Advanced ceramics are used in medical technology including the following aspects: Bioceramics, Dental systems, Instruments and tools, etc.
The medical field benefits from many characteristics of ceramics, such as inertness, non-toxicity, hardness, high compressive strength, low coefficient of friction, abrasion and chemical resistance, aseptic properties, manufacturing capabilities with various porosities, very good Aesthetics, and durability. By introducing ceramic composite materials and nano-structured materials and by processing (such as by hot isostatic pressing) to reduce its brittleness. In cases where the mechanical strength and toughness of the substrate need to be relied on, ceramic coatings may also be considered.
The ceramics used for the human body are called bioceramics. Mainly used in medical implants, in the form of blocks or as a coating or filler. Plastic surgery involving surgical implantation of these implants is intended to replace hip, knee, joint, craniofacial, and spine hard tissues, and has become increasingly popular as the world population continues to age.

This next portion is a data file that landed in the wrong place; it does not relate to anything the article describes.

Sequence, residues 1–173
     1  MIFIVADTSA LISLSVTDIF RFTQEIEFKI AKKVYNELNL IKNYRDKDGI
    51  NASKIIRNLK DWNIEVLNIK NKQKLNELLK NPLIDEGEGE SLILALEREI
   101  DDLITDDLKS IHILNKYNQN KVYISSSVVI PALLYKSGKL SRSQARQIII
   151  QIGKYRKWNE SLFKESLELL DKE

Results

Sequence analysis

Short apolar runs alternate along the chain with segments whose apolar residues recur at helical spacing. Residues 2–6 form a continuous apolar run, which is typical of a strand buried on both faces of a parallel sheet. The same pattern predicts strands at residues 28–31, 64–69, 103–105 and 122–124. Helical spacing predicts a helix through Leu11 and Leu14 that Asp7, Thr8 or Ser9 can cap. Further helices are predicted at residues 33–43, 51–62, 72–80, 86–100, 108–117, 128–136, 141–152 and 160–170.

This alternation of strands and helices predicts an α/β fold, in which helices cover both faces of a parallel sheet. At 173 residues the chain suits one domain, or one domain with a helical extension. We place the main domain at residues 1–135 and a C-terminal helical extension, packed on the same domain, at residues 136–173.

Another related application of ceramic materials is represented by dental ceramics, which includes orthodontic devices (e.g. braces), prostheses (e.g. crowns, bridges), and implants (e.g. all-ceramic root implants). Since they can be matched to the natural color of the teeth, from an aesthetic point of view, ceramic materials can provide better results than traditional metal products. For dental implants, ceramic materials have better osseointegration than titanium, and are engineered to prevent infection and deterioration, especially through the use of nanomaterials.
Instruments and tools
Ceramics also have other important applications in medical devices and tools, including tissue engineering scaffolds; medical pumps; blood shear valves for hematology testing; drug delivery devices; piezoelectric elements for medical tools and instruments; and ceramics for imaging equipment to metal components. Moreover, ceramic particles and microspheres are becoming increasingly popular in cancer radiotherapy and other targeted therapies.